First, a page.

AuntMinnieEurope.com Artificial Intelligence Insider

Dear Artificial Intelligence Insider,

Artificial intelligence (AI) has shown considerable potential in radiology tasks that experience considerable inter- and intrareader variability. For example, a German research team recently reported that an artificial neural network could accurately provide automated quantitative assessment of multiple sclerosis burden on MRI exams.

In testing on clinical patients, the model yielded consistent and accurate performance for assessing volumetric lesion load. Consequently, the algorithm offers promise for streamlining clinical and research procedures, according to the researchers.

AI certainly has the potential to transform radiology and improve patient outcomes. Success, however, will rest on ethics and the "explainability" of algorithms, according to Ivana Bartoletti, a specialist in privacy and digital ethics. She shares her views on these two key issues in a new column for AuntMinnieEurope.com.

The new year arrived with big AI news, as a Google Health study generated many headlines over its findings that a deep-learning algorithm produced similar accuracy to human radiologists for detecting breast cancer. The study, which involved nearly 29,000 mammograms from the U.K. and U.S., also found that AI reduced the number of false positives and false negatives.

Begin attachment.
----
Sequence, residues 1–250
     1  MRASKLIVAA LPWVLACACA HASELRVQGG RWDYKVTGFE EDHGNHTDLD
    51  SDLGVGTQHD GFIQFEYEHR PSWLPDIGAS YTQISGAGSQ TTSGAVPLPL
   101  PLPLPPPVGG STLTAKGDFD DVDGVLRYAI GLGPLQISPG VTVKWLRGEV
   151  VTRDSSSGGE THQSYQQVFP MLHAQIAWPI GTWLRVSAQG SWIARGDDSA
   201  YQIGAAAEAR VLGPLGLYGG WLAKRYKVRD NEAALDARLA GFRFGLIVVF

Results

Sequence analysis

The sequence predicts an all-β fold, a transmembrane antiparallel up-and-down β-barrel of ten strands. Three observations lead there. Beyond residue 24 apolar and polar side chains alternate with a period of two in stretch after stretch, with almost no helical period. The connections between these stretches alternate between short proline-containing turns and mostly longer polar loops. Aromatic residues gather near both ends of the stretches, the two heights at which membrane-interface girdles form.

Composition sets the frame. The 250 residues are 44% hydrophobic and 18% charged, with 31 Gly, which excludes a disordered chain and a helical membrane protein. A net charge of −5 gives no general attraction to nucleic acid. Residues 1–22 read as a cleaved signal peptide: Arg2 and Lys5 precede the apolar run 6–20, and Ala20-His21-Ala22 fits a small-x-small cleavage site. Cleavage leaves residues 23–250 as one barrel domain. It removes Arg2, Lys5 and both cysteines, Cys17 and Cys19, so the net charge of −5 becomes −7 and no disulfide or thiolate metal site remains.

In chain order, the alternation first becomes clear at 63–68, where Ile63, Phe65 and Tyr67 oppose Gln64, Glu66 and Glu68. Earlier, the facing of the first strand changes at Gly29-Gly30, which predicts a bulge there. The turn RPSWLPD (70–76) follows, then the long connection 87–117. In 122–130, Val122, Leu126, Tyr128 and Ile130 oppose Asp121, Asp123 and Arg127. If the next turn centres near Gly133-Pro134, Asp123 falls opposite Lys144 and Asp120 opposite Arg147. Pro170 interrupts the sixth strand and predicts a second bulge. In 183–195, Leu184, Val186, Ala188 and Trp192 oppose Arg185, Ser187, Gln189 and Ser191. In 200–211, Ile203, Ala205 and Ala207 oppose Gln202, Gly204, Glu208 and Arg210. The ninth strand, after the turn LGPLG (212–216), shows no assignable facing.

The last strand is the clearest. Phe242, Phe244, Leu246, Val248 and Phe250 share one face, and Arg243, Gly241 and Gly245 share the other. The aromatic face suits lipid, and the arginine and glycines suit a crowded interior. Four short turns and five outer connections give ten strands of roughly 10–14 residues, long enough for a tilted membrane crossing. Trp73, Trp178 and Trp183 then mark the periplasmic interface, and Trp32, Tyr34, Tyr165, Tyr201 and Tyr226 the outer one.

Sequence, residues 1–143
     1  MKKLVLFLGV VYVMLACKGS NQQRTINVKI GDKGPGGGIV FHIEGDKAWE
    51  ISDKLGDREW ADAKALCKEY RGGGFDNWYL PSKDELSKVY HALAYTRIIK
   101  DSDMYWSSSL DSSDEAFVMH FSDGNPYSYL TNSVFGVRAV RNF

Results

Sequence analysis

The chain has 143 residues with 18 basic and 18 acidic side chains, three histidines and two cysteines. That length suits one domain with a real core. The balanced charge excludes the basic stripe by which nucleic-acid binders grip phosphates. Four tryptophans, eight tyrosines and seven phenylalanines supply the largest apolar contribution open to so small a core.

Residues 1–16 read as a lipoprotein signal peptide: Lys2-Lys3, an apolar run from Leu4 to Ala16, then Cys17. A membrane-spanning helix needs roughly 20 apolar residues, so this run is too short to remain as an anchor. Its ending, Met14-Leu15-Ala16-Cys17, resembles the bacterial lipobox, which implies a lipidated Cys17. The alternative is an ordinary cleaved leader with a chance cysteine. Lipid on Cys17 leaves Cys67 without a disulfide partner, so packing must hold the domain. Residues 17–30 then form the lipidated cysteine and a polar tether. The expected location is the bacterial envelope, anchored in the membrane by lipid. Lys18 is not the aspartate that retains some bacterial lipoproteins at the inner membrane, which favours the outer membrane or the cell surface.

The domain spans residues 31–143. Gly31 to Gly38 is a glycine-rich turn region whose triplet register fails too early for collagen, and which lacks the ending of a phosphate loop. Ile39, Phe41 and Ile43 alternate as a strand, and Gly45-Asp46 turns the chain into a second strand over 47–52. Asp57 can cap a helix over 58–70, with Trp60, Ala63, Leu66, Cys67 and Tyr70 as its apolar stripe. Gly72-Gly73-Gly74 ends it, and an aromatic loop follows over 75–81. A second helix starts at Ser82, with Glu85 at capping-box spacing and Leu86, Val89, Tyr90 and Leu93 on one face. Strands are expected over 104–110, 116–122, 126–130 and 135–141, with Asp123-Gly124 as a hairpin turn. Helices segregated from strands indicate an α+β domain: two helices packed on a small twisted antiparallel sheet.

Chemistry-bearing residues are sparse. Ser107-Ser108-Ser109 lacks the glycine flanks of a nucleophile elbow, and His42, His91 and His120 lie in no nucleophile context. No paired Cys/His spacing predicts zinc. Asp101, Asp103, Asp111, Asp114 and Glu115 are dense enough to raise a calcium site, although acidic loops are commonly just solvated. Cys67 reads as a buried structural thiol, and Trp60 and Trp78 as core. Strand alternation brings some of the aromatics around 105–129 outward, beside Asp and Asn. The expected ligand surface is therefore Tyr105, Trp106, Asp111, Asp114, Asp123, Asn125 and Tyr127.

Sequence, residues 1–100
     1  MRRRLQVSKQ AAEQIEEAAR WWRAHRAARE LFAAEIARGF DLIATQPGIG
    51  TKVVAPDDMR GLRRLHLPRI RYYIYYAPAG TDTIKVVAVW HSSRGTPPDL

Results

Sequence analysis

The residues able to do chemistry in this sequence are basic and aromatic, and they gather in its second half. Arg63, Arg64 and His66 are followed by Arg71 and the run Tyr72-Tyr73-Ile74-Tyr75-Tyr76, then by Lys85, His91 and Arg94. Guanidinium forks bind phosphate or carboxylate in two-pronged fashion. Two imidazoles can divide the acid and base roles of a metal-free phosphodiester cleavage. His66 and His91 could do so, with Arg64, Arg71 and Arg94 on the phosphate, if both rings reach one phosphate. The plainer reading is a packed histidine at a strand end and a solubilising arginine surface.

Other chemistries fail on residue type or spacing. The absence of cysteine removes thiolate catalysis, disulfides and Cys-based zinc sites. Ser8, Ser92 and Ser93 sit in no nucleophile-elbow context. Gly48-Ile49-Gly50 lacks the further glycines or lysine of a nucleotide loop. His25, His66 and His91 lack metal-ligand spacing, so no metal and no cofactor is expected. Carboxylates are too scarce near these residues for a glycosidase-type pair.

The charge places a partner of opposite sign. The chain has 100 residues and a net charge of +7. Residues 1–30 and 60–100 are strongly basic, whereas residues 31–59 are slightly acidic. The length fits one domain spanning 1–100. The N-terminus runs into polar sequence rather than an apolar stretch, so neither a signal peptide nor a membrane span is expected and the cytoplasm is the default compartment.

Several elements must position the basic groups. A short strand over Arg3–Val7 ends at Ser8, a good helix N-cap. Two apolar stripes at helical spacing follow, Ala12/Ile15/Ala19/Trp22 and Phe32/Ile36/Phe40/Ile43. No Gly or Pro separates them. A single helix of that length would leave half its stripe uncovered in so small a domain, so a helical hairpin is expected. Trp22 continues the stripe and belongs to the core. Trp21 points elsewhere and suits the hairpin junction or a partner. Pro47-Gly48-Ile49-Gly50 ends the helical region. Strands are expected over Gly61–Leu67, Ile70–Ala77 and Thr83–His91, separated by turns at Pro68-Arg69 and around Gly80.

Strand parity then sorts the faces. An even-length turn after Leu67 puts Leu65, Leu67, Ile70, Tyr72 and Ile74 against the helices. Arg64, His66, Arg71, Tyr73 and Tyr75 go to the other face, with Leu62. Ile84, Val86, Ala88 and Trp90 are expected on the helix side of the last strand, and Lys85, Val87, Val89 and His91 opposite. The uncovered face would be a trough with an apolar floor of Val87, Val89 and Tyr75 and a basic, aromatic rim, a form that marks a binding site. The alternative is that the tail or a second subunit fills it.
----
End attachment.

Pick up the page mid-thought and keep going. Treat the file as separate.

In addition, researchers from Sweden have determined that an AI algorithm that analyzes negative screening mammography exams yielded better predictions for a women's future risk of breast cancer than risk models based on breast density measurements. Interestingly, the density-based risk predictors also had a drop-off in performance for more aggressive cancers, but the deep learning-based model did not.

Radiologists must be fully prepared for the big leap forward brought on by the implementation of AI, said Prof. Valentin Sinitsyn, president of the Russian Society of Radiology, in a recent interview with the British Institute of Radiology.

In other news, Swiss investigators have created an AI algorithm that could become a valuable tool for detecting small, FDG-avid pulmonary nodules on oncologic PET/CT scans, potentially enabling more reproducible and objective image analysis.

Is there a story you'd like to see covered in the Artificial Intelligence Community? Please feel free to drop me a line.

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